QUSE : Regarding chores, another expert recommends giving a child a certain number of tokens, like poker chips, every month and if they don’t do a chore or do it incorrectly, you take a token away. Tokens can be used to buy clothes and other things the child wants but doesn’t necessarily need. The child can also make lost tokens by doing extra chores. My wife and I are looking for a way to get our kids, ages 6 and 9, to lift light objects around the house. What do you think of this system?
ARESPONNSE : I’m not for paying children to take responsibility for the house. A child of capable age (from about 3 years old) should take on their fair share of household responsibilities. The chores in question must be done because the child is a member of the family, period.
Tying chores to reimbursement creates the impression in the child’s mind that they don’t have to do their chores if they don’t want, at least for now, the reimbursement suspended for them.
Parents today are generally uncomfortable with exercising what I call “because I said so” authority at home. This hesitation/aversion dates back to early 1970s parenting experts like psychologist Thomas Gordon, author of one of the best-selling books on parenting of that decade. Gordon argued that parents who adhere to a traditional parenting model will inflict apocalyptic psychological damage on their children.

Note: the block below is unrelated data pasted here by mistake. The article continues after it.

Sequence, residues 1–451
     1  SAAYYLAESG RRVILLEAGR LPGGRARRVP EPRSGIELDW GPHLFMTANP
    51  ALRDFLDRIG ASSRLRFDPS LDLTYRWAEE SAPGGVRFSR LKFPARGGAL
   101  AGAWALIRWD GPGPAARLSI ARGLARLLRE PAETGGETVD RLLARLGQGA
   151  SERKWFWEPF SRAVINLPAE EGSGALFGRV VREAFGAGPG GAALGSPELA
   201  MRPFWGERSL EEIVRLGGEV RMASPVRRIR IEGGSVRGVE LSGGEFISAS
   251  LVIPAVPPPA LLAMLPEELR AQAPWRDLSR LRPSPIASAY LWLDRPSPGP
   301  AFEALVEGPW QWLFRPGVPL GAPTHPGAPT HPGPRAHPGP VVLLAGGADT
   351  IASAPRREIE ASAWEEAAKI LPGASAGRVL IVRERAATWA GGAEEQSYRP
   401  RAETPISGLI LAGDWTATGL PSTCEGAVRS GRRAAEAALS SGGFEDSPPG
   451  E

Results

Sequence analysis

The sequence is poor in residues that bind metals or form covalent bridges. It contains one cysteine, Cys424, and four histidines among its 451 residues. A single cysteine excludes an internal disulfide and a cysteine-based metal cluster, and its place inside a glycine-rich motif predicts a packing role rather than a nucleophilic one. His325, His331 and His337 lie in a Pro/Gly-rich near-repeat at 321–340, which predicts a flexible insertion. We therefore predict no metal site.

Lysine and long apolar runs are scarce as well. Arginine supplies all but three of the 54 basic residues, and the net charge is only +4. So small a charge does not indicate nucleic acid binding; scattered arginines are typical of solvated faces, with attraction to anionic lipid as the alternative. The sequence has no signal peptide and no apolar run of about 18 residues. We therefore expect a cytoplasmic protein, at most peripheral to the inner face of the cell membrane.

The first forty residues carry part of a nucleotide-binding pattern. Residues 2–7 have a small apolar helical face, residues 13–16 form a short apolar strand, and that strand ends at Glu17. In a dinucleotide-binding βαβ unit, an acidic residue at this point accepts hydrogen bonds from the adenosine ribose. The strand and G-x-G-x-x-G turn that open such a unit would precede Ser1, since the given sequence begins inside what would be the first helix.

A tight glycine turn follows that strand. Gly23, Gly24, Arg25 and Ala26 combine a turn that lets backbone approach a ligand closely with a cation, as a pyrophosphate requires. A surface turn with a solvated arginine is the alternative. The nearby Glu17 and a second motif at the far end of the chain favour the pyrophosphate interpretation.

Gordon’s claims, none of which were supported by research or historical evidence, were echoed by the entire mental health professional community. Aided by the mainstream media, Gordon and his followers completely changed the American approach to child-rearing.
Fifty years after this social engineering experiment, it should be obvious that the paradigm shift in question has only been bad for children, families, schools and culture.
“Because I said so” is nothing less than legitimate, as asserted by the fact that since the paradigm shift in question – from “Because I said so” to “Do you want to , Okay ? – every marker of positive mental health in children decreased, and significantly so.
The children who are doing the best – emotionally, socially and educationally – are those whose parents do not respect the new rules, which boil down to “Keep your children happy at all costs”.
My wife and I woke up to common sense – which had been brought into submission during my graduate school experience – when our children were 10 and 6 years old. An expression of our revived common sense revealed that two children who had been on “welfare” were doing almost all of the household chores and for no other reason than we told them, in no uncertain terms, that they were going to do it. To do.
Did he like the new diet? Absolutely not! They complained bitterly. But they did their chores and they will tell you today that their household responsibilities were essential to their successful adult lives.
By the way, when one of our kids asked, “Why do I have to do this stuff?” we replied, “So that you have even more reason to leave the house when the time comes.” And they did!
[Family psychologist John Rosemond: johnrosemond.com, parentguru.com. Copyright 2022, John K. Rosemond]